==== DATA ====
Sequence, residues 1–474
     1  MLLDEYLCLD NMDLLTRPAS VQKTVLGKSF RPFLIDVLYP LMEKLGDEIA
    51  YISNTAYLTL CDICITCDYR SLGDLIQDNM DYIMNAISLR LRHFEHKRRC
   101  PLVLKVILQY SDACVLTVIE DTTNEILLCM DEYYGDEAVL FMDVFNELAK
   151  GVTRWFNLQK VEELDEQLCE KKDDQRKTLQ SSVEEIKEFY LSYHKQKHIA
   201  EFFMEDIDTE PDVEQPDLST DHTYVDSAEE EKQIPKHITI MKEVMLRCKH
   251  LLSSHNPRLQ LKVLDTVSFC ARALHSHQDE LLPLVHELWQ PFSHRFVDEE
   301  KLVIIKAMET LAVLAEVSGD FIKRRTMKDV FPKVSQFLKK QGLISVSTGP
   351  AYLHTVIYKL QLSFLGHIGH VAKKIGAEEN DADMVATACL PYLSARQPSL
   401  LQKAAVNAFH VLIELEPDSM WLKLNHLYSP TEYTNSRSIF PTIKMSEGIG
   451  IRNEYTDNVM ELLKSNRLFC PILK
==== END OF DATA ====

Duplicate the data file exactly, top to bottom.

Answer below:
Sequence, residues 1–474
     1  MLLDEYLCLD NMDLLTRPAS VQKTVLGKSF RPFLIDVLYP LMEKLGDEIA
    51  YISNTAYLTL CDICITCDYR SLGDLIQDNM DYIMNAISLR LRHFEHKRRC
   101  PLVLKVILQY SDACVLTVIE DTTNEILLCM DEYYGDEAVL FMDVFNELAK
   151  GVTRWFNLQK VEELDEQLCE KKDDQRKTLQ SSVEEIKEFY LSYHKQKHIA
   201  EFFMEDIDTE PDVEQPDLST DHTYVDSAEE EKQIPKHITI MKEVMLRCKH
   251  LLSSHNPRLQ LKVLDTVSFC ARALHSHQDE LLPLVHELWQ PFSHRFVDEE
   301  KLVIIKAMET LAVLAEVSGD FIKRRTMKDV FPKVSQFLKK QGLISVSTGP
   351  AYLHTVIYKL QLSFLGHIGH VAKKIGAEEN DADMVATACL PYLSARQPSL
   401  LQKAAVNAFH VLIELEPDSM WLKLNHLYSP TEYTNSRSIF PTIKMSEGIG
   451  IRNEYTDNVM ELLKSNRLFC PILK